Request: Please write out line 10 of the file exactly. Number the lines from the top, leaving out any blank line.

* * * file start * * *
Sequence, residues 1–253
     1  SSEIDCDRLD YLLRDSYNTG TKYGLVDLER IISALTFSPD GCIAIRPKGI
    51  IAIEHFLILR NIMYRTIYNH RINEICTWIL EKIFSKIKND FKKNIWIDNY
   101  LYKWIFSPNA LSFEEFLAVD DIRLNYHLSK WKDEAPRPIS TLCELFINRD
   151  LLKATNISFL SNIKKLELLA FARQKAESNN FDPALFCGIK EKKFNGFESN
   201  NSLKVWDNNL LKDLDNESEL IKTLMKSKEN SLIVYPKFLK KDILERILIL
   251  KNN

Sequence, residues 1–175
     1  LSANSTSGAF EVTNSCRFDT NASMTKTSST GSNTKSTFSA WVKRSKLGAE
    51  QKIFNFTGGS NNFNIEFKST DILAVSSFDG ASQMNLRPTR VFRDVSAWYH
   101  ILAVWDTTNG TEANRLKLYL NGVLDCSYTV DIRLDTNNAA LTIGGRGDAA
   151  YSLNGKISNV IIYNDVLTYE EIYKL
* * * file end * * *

    51  QKIFNFTGGS NNFNIEFKST DILAVSSFDG ASQMNLRPTR VFRDVSAWYH